ACLU research project seeks to discover why Missourians are dying behind bars

“Death-In-Custody and Maternal Health Project” seeks stories in aim to find policy and legal solutions

ST. LOUIS, Mo. – A new, special project undertaken by the ACLU of Missouri will focus on researching, collecting and investigating stories of people who have died while incarcerated in Missouri jails and prisons. The project will place special emphasis on in-custody infant deaths related to their mother’s health care.

The ACLU of Missouri is interested in speaking with family members, loved ones and friends of those who have died while incarcerated in Missouri jails or prisons.

“When people come in contact with the criminal justice system, there is an intake process to determine a person’s medical and mental health concerns while incarcerated,” said Elaine Sutton, ACLU of Missouri legal support coordinator. “There may be things that could’ve been addressed during that process that may have been minimized or overlooked, resulting in unnecessary and untimely deaths.”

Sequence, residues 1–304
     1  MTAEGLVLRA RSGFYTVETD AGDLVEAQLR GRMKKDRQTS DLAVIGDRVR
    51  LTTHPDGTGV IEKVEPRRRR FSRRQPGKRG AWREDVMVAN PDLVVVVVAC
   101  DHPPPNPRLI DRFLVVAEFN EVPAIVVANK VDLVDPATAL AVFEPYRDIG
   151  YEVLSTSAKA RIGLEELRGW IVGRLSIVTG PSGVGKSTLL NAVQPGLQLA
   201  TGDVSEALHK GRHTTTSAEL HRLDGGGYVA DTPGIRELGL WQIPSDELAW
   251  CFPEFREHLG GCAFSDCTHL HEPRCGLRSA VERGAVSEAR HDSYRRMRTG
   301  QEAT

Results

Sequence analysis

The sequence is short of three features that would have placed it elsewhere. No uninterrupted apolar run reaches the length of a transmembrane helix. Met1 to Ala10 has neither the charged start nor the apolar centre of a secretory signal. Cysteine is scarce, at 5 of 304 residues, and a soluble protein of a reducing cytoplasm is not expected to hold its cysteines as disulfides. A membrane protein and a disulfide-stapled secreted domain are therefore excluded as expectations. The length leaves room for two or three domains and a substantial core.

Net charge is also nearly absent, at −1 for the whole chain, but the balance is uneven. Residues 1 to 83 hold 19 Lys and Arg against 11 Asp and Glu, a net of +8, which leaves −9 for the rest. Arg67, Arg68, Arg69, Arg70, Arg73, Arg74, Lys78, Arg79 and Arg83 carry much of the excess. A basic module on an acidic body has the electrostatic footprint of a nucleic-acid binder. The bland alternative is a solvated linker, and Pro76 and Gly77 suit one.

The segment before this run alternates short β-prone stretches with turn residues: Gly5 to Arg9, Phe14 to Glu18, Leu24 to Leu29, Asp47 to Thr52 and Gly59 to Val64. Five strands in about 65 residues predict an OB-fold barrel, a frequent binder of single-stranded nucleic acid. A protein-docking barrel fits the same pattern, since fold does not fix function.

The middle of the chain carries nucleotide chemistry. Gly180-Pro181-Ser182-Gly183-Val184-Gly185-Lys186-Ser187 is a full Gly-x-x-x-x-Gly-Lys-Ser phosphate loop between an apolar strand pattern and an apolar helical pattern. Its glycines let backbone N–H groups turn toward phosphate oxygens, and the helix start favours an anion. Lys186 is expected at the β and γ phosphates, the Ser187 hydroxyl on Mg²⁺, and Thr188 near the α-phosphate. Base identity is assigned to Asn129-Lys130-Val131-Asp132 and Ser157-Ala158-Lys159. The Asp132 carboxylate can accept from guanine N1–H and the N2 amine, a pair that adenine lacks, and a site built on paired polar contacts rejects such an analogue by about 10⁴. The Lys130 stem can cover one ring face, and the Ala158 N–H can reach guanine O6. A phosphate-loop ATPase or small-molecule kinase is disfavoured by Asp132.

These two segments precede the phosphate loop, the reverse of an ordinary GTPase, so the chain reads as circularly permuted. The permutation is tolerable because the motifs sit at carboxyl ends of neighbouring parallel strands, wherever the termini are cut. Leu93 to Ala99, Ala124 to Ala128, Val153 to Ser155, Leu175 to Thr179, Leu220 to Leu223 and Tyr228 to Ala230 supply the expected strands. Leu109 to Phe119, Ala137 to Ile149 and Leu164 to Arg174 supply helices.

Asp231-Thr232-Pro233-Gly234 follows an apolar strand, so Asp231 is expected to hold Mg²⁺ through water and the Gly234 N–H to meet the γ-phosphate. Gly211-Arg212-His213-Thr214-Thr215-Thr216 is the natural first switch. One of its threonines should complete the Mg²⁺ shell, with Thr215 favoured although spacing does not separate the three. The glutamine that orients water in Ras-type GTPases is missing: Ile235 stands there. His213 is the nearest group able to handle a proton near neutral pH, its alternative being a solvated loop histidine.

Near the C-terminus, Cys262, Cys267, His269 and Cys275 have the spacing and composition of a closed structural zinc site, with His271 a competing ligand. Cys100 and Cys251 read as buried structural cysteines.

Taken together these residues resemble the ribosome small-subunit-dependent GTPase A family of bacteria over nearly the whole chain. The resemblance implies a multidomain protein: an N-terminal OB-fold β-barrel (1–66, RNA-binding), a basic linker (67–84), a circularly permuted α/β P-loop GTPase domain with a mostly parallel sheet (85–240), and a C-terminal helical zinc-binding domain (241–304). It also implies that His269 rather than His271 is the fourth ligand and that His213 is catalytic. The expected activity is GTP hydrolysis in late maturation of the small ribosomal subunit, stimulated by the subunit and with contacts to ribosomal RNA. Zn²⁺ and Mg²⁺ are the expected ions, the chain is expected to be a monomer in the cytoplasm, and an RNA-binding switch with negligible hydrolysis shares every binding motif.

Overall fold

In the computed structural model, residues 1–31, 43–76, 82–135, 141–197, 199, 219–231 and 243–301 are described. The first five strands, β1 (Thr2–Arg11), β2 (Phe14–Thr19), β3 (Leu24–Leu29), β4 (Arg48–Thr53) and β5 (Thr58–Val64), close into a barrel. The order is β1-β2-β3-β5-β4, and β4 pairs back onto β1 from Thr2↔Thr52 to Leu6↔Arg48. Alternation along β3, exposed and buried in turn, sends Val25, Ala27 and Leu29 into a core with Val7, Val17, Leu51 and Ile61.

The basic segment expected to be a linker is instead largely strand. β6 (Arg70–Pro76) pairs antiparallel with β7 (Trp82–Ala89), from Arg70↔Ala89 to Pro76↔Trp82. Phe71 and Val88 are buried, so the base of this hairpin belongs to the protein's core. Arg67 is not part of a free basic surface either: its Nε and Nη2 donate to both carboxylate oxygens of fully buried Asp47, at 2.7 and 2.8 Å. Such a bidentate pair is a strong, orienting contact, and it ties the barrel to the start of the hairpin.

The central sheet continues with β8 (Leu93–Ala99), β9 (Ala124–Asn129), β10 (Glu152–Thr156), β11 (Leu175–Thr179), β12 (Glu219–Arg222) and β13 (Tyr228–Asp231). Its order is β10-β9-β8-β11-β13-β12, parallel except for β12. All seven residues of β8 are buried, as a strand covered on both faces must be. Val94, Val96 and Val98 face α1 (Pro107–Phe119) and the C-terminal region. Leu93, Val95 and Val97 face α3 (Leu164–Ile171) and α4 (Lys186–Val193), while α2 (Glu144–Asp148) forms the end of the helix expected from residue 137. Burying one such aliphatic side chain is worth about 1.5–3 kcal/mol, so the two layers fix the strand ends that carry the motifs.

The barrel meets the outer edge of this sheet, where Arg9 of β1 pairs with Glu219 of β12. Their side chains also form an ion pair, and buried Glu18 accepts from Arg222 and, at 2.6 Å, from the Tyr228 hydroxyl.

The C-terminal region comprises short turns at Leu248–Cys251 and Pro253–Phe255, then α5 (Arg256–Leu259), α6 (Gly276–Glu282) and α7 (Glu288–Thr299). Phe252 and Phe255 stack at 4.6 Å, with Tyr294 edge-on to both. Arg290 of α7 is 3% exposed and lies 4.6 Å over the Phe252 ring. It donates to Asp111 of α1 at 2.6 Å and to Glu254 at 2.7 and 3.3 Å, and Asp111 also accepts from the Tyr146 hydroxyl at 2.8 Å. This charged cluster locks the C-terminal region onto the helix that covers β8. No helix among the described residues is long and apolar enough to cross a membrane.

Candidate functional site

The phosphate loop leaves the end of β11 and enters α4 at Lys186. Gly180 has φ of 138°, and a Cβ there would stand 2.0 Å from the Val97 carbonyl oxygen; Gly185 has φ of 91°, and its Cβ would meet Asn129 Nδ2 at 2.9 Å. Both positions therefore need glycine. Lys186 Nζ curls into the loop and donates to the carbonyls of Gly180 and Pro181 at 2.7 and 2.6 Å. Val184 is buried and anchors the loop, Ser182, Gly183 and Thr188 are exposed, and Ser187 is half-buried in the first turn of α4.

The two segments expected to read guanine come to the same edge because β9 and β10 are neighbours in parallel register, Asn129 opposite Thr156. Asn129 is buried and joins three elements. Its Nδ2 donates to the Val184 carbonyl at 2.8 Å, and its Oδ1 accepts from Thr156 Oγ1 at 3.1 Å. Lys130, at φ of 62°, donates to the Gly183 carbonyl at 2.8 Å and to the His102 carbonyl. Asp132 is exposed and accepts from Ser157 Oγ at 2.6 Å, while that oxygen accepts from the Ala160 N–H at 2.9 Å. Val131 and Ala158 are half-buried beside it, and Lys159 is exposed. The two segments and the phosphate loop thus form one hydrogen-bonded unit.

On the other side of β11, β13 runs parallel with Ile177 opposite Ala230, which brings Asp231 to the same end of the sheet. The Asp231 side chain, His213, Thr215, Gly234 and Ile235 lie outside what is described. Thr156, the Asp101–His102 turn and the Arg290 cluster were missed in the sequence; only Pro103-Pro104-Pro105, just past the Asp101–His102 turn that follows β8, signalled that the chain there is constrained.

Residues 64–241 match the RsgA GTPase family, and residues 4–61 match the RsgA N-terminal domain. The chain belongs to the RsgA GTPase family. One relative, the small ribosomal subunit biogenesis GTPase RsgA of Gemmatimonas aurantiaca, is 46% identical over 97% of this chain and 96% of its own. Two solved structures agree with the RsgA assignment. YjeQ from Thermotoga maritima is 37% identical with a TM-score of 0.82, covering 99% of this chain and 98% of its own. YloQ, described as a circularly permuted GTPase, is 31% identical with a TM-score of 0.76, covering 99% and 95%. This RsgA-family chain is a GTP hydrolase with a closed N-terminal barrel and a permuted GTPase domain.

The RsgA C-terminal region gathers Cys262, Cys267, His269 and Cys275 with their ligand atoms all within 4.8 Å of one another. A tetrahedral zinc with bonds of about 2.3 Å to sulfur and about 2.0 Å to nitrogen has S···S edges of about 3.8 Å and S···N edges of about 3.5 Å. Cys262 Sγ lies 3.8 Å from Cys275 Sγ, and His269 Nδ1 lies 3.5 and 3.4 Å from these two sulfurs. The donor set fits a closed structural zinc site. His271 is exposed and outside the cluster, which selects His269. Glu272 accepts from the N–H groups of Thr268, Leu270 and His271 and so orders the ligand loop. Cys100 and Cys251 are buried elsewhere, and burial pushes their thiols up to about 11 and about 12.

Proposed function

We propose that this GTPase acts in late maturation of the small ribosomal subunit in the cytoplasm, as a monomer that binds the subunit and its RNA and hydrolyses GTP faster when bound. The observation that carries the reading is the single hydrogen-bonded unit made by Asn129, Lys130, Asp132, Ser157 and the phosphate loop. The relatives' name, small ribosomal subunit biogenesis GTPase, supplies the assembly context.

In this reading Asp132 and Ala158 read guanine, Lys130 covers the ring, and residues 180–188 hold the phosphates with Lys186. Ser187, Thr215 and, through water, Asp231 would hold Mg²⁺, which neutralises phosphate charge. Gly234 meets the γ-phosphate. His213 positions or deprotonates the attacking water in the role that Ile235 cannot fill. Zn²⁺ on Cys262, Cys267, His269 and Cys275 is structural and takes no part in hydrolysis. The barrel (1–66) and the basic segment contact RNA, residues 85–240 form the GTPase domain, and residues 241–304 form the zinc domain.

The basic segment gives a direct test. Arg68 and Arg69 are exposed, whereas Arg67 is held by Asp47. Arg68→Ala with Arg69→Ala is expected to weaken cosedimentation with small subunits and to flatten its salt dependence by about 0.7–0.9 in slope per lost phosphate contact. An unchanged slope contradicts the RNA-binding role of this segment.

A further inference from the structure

Ninety-seven people died in state and federal prison facilities in Missouri in 2014, according to the U.S. Bureau of Justice Statistics, a 58 percent increase from deaths in 2001.

The ACLU of Missouri receives about 2,200 complaints a year from Missourians regarding their constitutional rights and civil rights violations. A significant number of these complaints involve the reporting of deaths-in-custody.

From the call-ins received and in-person interviews, the project hopes to identify and examine systemic patterns and institutional practices that may factor into the deaths of people in custody. The organization is working with two students from the Brown School of Social Work at Washington University in St. Louis on this project.

The ACLU of Missouri hopes to look at what is happening, why the deaths are occurring and if it is a systemic issue. These factors will determine policy recommendations, as well as legal intervention strategies.

“This is a humanity issue,” said Tony Rothert, ACLU of Missouri legal director. “Just because a person is incarcerated does not mean they are subjected to less-than-thorough examinations of their needs.”

A report of findings and recommendations will be developed at the end of the project.